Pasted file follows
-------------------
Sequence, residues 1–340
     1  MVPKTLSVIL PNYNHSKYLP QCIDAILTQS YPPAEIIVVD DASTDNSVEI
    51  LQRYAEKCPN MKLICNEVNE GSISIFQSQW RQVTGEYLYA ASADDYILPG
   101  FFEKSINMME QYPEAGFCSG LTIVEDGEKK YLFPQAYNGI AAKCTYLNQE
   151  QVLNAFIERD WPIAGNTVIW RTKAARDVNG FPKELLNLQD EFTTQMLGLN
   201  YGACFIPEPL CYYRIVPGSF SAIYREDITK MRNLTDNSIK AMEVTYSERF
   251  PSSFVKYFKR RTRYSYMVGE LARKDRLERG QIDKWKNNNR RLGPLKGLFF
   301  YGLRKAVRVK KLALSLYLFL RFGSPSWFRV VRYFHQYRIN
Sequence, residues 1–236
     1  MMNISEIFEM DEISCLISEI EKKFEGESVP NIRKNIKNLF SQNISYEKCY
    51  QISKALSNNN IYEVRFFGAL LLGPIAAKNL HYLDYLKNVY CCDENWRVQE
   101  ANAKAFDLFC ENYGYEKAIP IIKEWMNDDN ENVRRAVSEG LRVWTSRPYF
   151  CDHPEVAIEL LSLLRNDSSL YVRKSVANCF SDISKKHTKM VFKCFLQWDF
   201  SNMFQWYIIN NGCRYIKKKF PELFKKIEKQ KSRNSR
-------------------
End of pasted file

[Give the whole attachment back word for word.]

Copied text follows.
Sequence, residues 1–340
     1  MVPKTLSVIL PNYNHSKYLP QCIDAILTQS YPPAEIIVVD DASTDNSVEI
    51  LQRYAEKCPN MKLICNEVNE GSISIFQSQW RQVTGEYLYA ASADDYILPG
   101  FFEKSINMME QYPEAGFCSG LTIVEDGEKK YLFPQAYNGI AAKCTYLNQE
   151  QVLNAFIERD WPIAGNTVIW RTKAARDVNG FPKELLNLQD EFTTQMLGLN
   201  YGACFIPEPL CYYRIVPGSF SAIYREDITK MRNLTDNSIK AMEVTYSERF
   251  PSSFVKYFKR RTRYSYMVGE LARKDRLERG QIDKWKNNNR RLGPLKGLFF
   301  YGLRKAVRVK KLALSLYLFL RFGSPSWFRV VRYFHQYRIN
Sequence, residues 1–236
     1  MMNISEIFEM DEISCLISEI EKKFEGESVP NIRKNIKNLF SQNISYEKCY
    51  QISKALSNNN IYEVRFFGAL LLGPIAAKNL HYLDYLKNVY CCDENWRVQE
   101  ANAKAFDLFC ENYGYEKAIP IIKEWMNDDN ENVRRAVSEG LRVWTSRPYF
   151  CDHPEVAIEL LSLLRNDSSL YVRKSVANCF SDISKKHTKM VFKCFLQWDF
   201  SNMFQWYIIN NGCRYIKKKF PELFKKIEKQ KSRNSR